So I believed these guys and went to graduate school for photojournalism. I loved it. I had a great ride, covering stories all over the globe for different publications and NGOs. I learned all about finding the light, capturing the moment, and studying the best photographers in history and in the modern world. I met many of them; I talked to them; I mentored them. At one point I moved to Indiana to work with a photo editor known as the Zen Master of Photojournalism because he taught his photographers how to photograph with their heart instead of their head. I really believe he made the biggest difference in my work. I grew into a heartfelt photographer telling stories that made a difference in people’s lives.
Fast-forward to East Africa where I was living and photographing for some large NGOs. While living there, I got an opportunity to move back to the States, Seattle, actually, to work with some amazing photographers who were starting MSNBC.com’s multimedia team. I had gone to grad school with many of them and this was cutting-edge stuff. I thought this was a good opportunity, and took it. It was a wonderful opportunity and after three years, I missed telling stories.
I had this big business plan to tell stories for NGOs using audio, video, and still photographs. I mortgaged my house and began. The lead time for those large jobs was often several months and I needed to pay my mortgage. So I had a plan, in order to get some income coming in, I literally hung up a few photographs of my artistic photographs of pregnant women in a maternity shop. People started calling me. In fact, the phone would not stop ringing.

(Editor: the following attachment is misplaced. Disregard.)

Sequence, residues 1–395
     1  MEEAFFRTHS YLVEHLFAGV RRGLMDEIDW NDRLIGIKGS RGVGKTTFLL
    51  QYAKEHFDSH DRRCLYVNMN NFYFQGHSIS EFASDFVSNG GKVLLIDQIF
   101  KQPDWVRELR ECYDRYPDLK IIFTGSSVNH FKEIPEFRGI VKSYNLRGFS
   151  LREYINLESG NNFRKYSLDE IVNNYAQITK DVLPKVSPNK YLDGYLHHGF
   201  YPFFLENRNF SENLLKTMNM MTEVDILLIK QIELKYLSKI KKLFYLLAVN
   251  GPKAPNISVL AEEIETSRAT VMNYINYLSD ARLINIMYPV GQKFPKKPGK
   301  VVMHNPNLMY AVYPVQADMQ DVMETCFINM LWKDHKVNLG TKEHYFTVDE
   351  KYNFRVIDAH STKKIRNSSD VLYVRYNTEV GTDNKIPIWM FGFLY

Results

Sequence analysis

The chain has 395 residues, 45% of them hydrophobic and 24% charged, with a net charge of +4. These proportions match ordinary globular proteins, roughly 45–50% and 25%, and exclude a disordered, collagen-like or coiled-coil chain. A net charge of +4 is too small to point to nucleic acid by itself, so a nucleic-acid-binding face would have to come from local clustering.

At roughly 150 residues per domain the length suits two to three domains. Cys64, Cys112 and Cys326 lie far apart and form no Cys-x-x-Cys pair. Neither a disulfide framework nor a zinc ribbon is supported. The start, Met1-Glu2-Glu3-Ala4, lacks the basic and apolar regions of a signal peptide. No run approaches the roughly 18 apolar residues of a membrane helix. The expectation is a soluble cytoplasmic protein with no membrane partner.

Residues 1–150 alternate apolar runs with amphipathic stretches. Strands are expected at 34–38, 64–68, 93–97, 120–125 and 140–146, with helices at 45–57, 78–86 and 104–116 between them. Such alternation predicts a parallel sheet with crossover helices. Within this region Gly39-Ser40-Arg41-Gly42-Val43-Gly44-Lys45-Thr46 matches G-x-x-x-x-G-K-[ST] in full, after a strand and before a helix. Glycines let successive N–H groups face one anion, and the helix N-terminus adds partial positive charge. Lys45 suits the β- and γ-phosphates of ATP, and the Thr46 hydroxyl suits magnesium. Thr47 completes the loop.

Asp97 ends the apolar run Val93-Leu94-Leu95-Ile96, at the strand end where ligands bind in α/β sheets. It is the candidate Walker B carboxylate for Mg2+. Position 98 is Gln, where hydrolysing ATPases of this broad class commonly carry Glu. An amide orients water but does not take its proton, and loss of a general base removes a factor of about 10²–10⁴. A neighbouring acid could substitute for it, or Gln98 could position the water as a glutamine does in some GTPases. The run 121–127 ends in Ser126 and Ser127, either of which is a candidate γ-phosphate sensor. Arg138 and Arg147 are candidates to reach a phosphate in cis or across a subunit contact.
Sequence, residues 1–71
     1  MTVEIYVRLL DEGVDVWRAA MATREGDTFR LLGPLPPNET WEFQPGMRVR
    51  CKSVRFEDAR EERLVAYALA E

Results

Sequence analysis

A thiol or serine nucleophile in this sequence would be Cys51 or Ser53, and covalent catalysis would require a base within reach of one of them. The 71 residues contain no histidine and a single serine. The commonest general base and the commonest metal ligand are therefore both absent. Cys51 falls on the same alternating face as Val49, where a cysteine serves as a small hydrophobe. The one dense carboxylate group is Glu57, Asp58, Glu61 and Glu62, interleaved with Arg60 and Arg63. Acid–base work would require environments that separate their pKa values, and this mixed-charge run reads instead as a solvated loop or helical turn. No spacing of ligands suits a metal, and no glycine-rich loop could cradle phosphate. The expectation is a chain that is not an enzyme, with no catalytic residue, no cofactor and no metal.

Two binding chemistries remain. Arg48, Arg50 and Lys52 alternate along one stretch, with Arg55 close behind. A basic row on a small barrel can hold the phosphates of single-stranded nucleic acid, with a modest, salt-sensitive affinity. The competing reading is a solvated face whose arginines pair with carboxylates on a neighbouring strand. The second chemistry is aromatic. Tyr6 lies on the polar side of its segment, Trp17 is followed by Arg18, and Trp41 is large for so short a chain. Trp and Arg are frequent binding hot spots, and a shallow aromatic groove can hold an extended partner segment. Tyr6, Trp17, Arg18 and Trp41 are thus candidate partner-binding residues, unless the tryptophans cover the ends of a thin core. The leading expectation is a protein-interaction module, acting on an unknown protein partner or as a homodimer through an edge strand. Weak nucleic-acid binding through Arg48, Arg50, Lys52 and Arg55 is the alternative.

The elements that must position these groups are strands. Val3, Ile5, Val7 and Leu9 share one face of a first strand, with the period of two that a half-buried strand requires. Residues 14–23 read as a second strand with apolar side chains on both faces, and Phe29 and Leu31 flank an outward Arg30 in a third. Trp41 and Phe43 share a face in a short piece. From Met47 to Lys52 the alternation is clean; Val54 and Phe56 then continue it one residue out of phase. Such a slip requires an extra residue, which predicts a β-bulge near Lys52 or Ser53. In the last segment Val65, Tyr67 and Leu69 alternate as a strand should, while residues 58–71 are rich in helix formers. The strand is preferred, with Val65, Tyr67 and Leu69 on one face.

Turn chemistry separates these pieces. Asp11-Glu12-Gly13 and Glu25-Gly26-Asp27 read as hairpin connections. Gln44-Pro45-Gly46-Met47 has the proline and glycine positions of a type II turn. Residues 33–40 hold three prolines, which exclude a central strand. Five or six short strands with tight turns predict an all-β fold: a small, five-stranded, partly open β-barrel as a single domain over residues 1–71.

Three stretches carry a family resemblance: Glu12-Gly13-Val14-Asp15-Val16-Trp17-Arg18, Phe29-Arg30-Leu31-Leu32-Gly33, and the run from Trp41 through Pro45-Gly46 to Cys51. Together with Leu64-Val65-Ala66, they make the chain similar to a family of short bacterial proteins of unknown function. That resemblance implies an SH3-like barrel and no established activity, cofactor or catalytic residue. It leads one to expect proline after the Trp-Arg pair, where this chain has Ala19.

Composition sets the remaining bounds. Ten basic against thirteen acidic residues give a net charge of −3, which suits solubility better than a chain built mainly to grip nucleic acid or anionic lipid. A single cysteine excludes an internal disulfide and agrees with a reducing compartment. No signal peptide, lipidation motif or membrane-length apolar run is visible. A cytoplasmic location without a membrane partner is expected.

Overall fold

Another break came when I was having coffee with a TV cameraman for a local Seattle TV station to ask him questions about shooting videos for NGOs. Out of nowhere, he said, I Googled you and don’t you photograph pregnant women? I said, “Yes, but don’t tell anyone. I can’t have the Gates Foundation or other large NGOs I work for know about this.” He said this would make a wonderful Mother’s Day story. And I almost said no way! So funny! He talked me into it. As soon as that story came out, I had to have three phone lines installed so that I wouldn’t miss a call. Three phone lines! Before I knew it, I had three studios, one in SF one in NY, and of course one in Seattle. The movement had started. Celebrities were showing their bumps, and women started to recognize this was something they wanted too.
It was a crazy and exhilarating 15 years. I was featured in every major paper, on every major TV channel, and on every major website. I photographed high-profile celebrities, CEOS, and sports figures. I had a book come out with the forward written by the famous Penny Simkin who founded the role of the doula for birth support. She is one of the grandmothers of midwifery in the Pacific Northwest. I had a retrospective of my work in Perugia, Italy in the town adjacent to the only known pregnant Madonna. I was the number one listing on Google for 15 years straight, in every single market. It was so much fun! And you know what the best part was? So many women came to me and walked away feeling beautiful, beautiful in their bodies for the first time since getting pregnant. Or, these women saw themselves in a new way, as powerful, and sacred. Knowing that I changed so many pregnant women’s lives is such a blessing. Finally, I was able to challenge society’s definition of beauty and watched the rise of the genre of maternity photography take on a life of its own. I am so blessed.
This interview is exclusive and taken by Namita Nayyar President womenfitness.net and should not be reproduced, copied, or hosted in part or full anywhere without express permission.